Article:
The story of the last Passenger Pigeon and the disappearance of the Great Auk, Carolina Parakeet, and Heath Hen reveal the fragile connections between species and their environment. To help tell their story, the Smithsonian Libraries, Biodiversity Heritage Library, and the National Museum of Natural History have curated a joint exhibit entitled Once There Were Billions: Vanished Birds of North America which opened June 24 in the National Museum of Natural History.
Once an amazing diversity of birds-some in breathtaking abundance-inhabited the vast forests and plains of North America. But starting around 1600, some species began to disappear, as humans altered habitats, over-hunted, and introduced predators. A notable extinction occurred 100 years ago, with the death of Martha the Passenger Pigeon, the last member of a species that once filled America’s skies. The story of the last passenger pigeon, and the disappearance of the more »
The Libraries has a plethora of wonderful bird images featured on its Galaxy of Images. Here we are highlighting one of the more recent additions.—Elizabeth Periale H. G. Ludwig Reichenbach, Die Vollstandigste Naturgeschichte des In- und Auslandes. Vogel., 1853, Hawaii Mamo, or, the "Drepanis pacifica"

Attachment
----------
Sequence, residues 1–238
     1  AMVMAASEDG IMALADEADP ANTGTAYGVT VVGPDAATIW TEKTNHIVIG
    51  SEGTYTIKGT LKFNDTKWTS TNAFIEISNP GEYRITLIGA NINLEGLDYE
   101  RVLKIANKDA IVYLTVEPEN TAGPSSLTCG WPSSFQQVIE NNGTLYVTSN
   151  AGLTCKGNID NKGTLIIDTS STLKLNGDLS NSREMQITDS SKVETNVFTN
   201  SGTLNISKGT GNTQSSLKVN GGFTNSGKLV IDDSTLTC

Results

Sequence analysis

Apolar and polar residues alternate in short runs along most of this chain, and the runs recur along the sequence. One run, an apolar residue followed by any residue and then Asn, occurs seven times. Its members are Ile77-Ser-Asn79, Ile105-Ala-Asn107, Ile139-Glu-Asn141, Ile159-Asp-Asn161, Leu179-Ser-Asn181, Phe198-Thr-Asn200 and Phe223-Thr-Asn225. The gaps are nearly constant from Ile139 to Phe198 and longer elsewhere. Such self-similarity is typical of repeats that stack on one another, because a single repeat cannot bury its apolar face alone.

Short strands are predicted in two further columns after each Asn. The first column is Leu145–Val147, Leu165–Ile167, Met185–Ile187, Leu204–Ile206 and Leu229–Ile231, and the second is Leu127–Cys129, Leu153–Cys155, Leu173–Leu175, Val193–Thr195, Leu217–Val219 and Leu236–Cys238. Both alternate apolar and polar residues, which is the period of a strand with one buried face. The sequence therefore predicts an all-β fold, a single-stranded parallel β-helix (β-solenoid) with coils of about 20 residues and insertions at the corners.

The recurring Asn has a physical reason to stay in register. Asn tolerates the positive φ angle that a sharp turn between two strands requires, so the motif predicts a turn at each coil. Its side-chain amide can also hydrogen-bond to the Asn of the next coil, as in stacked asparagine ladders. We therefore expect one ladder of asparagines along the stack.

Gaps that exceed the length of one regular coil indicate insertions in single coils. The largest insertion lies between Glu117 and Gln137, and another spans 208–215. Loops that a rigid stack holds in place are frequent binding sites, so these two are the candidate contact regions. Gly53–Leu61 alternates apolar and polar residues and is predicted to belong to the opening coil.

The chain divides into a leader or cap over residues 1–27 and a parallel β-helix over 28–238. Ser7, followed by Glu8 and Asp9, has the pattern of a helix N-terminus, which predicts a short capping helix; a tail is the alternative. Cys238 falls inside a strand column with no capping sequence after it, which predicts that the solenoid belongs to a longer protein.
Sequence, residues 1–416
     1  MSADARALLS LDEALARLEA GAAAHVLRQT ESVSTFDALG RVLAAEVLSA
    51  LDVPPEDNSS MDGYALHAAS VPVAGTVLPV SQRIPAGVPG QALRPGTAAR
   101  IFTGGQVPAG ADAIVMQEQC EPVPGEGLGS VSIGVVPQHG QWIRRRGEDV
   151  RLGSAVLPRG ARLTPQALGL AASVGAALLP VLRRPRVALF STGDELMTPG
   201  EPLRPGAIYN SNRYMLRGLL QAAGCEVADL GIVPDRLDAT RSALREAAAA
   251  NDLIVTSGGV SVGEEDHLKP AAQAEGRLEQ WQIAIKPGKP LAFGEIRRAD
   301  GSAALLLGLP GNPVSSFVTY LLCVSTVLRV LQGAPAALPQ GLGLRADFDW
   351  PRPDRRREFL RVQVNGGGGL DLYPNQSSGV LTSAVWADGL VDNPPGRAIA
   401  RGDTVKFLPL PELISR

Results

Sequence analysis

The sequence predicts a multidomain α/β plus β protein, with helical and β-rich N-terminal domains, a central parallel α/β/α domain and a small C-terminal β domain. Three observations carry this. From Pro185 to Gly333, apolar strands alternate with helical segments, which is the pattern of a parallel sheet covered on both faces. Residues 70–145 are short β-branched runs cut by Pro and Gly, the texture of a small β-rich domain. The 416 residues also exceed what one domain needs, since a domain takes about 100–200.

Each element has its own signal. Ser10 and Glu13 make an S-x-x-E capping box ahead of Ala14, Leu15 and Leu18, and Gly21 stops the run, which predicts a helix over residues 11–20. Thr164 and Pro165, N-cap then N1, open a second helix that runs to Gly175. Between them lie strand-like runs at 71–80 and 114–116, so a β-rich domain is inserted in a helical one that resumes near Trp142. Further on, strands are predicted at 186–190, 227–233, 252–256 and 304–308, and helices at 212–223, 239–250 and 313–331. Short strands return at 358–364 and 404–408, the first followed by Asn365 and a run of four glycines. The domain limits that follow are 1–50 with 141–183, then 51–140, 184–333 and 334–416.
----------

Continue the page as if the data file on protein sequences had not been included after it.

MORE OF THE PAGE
We have already featured the lovely artwork of Genevieve Jones in a previous post. But this delicate rendering of a summer warbler from the Libraries' online show Illustrations of Nests and Eggs of the Birds of Ohio helps make the summer last just a little longer.—Elizabeth Periale Howard Jones, Illustrations of the nests and eggs of birds of Ohio, 1879-1886, Summer Warbler